After unprecedented rhino deaths last year, government to improve and increase grasslandFood competition, habitat fragmentation, drying up of wetlands and water resources and decrease in grassland led a sudden rise in rhino deaths, study shows
After a record number of deaths of one-horned rhinos last year, the government has swung into action to protect the endangered animal.
In the fiscal year 2018-19, as many as 46 rhinos were found dead in and around Chitwan National Park, raising alarm among conservation officials. The Department of National Park and Wildlife Conservation had then conducted a rapid study to find the causes behind the rise in rhino deaths.
The preliminary findings of the study showed that food competition among rhinos, habitat fragmentation, drying up of wetlands and water resources, and decreasing grasslands due to invasive plants had led to the rise in rhino deaths last year, which saw zero poaching.
Based on the recommendation of the study, the government is set to create 2,100 hectares of grassland—1,500 hectares of new grassland and maintaining 600 hectares old grassland—inside the natural parks in the Tarai region, according to Man Bahadur Khadka, director general at the department.
“This is for the first time the government is trying to improve such a massive area of grassland. Improving grassland in such vast areas is a big step as well as a challenge,” Khadka told the Post. “Out of 1,500 hectares of new grassland to be created, more than 700 hectares will be created in Chitwan National Park. The rise in rhino deaths has drawn serious attention of all the agencies of the government.”
For recovering grassland, park rangers participated in a weeklong training at Wildlife Institute of India.
All protected areas that hold the rhino population will prepare a separate action plan on maintaining grassland. An estimated budget of Rs50 million has been allocated for grassland expansion purpose.
The study had also found that due to loss of grassland and fragmentation of habitat, most of the rhino population was forced to assemble around particular areas inside the park.
“When their population, which should have been scattered, would congregate around each other, they would fight. They would either fight until death or complete immobility with critical injuries, which would ultimately lead to their death,” Khadka said.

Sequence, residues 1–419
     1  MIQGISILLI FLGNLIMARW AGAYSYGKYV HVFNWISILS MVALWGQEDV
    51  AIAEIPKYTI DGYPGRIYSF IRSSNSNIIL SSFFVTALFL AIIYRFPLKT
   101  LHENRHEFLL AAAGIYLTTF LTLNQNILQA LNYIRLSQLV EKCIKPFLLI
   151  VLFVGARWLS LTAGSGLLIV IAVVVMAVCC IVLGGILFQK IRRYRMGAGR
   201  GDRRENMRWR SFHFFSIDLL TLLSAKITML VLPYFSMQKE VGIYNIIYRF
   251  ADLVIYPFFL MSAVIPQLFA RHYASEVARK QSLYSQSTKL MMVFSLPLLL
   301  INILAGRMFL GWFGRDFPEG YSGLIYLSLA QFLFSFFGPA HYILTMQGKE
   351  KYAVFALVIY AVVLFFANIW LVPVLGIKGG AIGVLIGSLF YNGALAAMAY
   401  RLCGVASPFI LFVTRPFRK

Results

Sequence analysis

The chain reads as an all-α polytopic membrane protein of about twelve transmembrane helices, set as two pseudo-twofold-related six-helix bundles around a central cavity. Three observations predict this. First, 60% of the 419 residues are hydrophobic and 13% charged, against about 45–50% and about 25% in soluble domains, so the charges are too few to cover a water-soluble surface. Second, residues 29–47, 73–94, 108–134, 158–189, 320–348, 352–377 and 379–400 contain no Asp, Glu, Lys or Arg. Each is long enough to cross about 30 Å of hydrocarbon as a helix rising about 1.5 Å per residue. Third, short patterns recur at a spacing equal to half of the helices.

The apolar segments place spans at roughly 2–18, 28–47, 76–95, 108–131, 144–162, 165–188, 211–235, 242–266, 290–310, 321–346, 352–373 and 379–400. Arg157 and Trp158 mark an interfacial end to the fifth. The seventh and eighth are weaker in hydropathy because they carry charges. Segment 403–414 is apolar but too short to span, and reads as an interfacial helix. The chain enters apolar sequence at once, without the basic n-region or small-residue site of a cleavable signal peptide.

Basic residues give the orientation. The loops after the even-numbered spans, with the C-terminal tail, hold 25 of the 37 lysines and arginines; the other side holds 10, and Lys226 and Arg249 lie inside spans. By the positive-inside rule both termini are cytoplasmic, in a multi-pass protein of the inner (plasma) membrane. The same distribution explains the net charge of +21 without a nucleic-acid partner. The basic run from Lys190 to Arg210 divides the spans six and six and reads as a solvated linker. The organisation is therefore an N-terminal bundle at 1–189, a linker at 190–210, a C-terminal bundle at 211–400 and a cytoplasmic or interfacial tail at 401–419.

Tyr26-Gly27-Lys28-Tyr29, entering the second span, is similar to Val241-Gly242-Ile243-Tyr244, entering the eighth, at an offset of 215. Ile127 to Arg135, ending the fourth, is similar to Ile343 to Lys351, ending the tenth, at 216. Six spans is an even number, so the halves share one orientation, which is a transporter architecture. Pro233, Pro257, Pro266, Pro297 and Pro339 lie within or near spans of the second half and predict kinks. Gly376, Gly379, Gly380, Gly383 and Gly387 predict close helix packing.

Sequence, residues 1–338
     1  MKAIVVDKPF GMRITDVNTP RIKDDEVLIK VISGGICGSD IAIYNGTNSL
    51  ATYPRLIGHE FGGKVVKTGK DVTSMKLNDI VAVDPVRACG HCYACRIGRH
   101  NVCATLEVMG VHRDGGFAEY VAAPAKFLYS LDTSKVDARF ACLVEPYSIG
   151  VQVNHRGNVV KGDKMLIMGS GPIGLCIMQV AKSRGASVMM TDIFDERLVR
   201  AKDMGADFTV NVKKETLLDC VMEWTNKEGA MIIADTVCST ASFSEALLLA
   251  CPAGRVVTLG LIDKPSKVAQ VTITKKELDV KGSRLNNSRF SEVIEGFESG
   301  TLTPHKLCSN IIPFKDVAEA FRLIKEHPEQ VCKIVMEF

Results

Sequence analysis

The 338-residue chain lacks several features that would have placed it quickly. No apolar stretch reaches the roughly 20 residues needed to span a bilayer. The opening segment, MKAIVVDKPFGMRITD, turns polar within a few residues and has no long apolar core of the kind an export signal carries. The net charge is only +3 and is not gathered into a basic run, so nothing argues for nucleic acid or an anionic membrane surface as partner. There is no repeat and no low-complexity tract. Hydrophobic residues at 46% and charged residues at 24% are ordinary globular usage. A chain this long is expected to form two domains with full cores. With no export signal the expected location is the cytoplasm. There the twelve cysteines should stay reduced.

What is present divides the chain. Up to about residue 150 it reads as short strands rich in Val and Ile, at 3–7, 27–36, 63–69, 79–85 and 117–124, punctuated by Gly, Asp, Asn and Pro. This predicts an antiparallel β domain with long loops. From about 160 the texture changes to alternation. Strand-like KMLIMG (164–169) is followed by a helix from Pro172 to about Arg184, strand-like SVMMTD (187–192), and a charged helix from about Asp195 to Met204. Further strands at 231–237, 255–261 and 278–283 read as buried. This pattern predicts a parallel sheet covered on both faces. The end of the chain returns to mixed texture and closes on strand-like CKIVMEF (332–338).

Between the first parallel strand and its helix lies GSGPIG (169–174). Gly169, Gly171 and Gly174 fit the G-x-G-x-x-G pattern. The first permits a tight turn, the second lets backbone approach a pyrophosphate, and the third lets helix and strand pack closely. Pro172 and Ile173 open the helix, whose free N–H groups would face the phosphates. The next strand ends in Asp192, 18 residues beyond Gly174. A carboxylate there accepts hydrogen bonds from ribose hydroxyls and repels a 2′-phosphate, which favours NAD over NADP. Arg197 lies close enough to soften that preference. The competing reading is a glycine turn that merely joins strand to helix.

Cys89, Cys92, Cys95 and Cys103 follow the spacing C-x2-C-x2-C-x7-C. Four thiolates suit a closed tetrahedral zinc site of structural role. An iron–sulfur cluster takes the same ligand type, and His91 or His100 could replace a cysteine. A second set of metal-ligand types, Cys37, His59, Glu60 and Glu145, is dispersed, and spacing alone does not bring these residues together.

The study had also linked the sudden rise in rhino deaths to the dumping of toxic wastes into rivers that flow through the protected areas.
The rivers like Riu and Narayani where rhinos drink water might have been polluted with toxic chemicals released from industries, which could also be one of the reasons behind rhino deaths, according to the study.
The study recommended the government to conduct rhino’s ecological carrying capacity study and another extensive study to find out the reasons behind an unexpected surge in rhino’s mortality.
According to Khadka, the department’s study into rhino deaths inside the Chitwan National Park was prompted after the park officials discovered remains of rhinos while carrying out a massive patrol operation last year.
Unlike regular patrol that takes place along the trails, firelines, roads and few metres on both sides of these routes, the four-month patrolling session had swept the entire park, including swamps and other inaccessible areas.
“Rhinos did not die throughout the year, but their deaths were reported at the time when the massive sweeping operation was going on inside the park,” said Khadka. “The four-month patrol had scanned the park thoroughly and found remains and decayed body parts of rhinos that had died a long time ago. Rhinos drowned in 2017 floods were also found last year, increasing the death toll.”
This year, the government is also conducting the national census of one-horned rhinos. For the first time, the count will be conducted without any funds from donor agencies.
“This year, the death of rhinos will not be as high as it was reported last year,” said Khadka.
According to the 2015 rhino count, Nepal is home to 645 rhinos—605 in Chitwan, 29 in Bardiya National Park, eight in Shuklaphanta National Park, and three in Parsa National Park. The number of rhinos, which had fallen sharply in the 1950s and the 60s, started to recover after the establishment of the Chitwan National Park in 1973 and years of improved conservation efforts by the park officials, conservationists and security forces.